Why superannuation should be nationalised

The Australian

20 March 2017

Alan Kohler

Last night industry super funds launched a new TV ad showing a besuited arm, obviously a banker, letting foxes into the henhouse. The industry funds are understandably sick of defending themselves against constant political attack, even though their investment performance and governance are clearly superior to the bank-owned retail funds that the Coalition supports.

So they’re fighting back.

According to ChantWest, the 10-year performance figures are 5.5 per cent per annum for industry funds and 4.6 per cent for retail funds. An Industry Super Australia presentation puts the 20-year performances at 6.3 per cent for industry funds and 4.5 per cent.
As I have written many times, the Government should be asking why the bank funds are performing so badly, instead of trying to nobble the better performing industry funds.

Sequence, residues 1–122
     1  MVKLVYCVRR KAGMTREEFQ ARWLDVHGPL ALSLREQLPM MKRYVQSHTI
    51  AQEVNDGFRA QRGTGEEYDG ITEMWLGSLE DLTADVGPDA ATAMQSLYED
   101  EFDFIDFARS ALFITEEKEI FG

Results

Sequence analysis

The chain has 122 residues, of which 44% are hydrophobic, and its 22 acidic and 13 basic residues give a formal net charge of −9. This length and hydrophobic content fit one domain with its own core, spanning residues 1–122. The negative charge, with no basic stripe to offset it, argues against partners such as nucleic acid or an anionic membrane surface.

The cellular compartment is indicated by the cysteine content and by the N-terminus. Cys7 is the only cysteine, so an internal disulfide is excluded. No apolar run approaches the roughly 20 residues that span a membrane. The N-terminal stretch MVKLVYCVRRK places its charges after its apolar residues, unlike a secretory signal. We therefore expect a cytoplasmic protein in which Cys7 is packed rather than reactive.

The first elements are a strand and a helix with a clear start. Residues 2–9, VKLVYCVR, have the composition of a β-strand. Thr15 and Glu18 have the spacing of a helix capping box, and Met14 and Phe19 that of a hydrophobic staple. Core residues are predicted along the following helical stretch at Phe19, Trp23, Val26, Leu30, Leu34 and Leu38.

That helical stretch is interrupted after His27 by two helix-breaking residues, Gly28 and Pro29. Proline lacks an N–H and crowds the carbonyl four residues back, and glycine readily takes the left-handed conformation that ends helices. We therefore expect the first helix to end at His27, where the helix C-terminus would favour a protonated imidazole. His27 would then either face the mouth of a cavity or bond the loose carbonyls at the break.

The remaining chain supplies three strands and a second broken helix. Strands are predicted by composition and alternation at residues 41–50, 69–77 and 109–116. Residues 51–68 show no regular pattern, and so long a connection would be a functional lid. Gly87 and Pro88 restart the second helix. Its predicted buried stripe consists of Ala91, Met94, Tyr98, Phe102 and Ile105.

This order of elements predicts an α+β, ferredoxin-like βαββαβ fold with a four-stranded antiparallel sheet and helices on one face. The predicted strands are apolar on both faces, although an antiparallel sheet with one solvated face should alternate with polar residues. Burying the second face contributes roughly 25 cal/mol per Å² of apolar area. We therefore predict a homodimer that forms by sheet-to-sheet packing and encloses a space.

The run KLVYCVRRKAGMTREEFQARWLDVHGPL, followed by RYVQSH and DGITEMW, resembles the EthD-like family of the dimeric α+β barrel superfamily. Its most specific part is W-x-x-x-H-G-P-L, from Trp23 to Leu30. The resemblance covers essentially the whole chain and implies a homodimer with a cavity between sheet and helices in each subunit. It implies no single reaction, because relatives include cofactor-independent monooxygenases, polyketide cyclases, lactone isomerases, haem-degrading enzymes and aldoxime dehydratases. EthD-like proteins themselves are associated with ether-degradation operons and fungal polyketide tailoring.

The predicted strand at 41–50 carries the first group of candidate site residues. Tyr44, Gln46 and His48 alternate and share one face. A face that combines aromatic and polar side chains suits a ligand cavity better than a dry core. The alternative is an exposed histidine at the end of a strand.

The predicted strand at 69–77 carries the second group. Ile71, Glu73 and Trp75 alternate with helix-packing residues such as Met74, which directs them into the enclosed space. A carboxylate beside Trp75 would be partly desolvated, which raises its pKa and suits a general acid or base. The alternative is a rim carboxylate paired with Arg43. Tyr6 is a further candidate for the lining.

But there is a deeper problem here in my view: those figures are averages of a very wide dispersion of results. There are 43 industry funds, more than 100 retail funds and 110 MySuper products.

So quick, tell me which of those 270 or so super funds is going to provide you, or your staff, with the most comfortable retirement in 40 years’ time?
Nobody has any idea of course — not the employee, the employer, the funds themselves, or any expert financial adviser for that matter. It’s impossible to know because, as the warnings always state: past performance is not a reliable guide to future performance. The future is unknowable.
In any case, past performance data is not provided to individuals when they have to choose a fund; it’s possible to get it, but not easy. So even if the data were meaningful it’s not readily available.

The only meaningful data concerns fees, but that’s not readily available — or comprehensible — either, and it’s not the main thing anyway. The only thing that matters in the end is how much money you end up with, which is all about the return and compound interest.

Superannuation is the only product where choice and competition are not only completely pointless, they are counter-productive.